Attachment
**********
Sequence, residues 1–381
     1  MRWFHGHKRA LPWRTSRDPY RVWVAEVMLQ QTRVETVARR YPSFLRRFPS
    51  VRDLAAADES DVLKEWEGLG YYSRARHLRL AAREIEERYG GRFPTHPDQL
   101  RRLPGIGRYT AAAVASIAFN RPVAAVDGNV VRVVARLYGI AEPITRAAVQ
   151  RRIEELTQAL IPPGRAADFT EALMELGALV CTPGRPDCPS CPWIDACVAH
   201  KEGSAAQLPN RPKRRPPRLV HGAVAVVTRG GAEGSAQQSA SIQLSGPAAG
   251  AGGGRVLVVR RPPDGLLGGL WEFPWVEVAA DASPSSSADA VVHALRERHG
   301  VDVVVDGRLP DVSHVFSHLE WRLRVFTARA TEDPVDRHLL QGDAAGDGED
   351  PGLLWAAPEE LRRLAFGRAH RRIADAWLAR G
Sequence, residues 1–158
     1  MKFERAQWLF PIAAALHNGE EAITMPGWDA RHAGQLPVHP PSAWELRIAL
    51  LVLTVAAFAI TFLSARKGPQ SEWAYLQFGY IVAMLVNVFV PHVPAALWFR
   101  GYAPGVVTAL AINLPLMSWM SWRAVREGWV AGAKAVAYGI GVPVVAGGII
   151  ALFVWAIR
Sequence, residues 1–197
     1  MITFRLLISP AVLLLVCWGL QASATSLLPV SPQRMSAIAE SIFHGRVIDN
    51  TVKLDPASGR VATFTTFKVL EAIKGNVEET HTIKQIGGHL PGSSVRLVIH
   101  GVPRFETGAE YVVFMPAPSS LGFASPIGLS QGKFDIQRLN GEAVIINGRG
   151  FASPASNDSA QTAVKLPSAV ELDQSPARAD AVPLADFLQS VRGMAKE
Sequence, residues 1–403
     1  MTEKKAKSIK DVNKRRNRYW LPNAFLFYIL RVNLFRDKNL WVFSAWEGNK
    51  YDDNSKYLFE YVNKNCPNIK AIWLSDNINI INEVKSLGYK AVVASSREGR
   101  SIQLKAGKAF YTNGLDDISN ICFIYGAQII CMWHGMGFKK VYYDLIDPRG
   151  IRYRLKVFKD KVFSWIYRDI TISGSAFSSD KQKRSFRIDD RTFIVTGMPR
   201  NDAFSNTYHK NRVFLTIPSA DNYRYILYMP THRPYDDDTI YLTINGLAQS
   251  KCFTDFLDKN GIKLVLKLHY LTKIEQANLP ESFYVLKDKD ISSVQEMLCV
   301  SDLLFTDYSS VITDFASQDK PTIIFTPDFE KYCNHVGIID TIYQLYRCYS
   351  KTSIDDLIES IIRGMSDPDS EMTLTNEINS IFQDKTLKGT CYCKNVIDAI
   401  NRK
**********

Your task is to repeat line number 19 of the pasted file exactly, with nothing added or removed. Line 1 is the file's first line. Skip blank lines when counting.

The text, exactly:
   151  FASPASNDSA QTAVKLPSAV ELDQSPARAD AVPLADFLQS VRGMAKE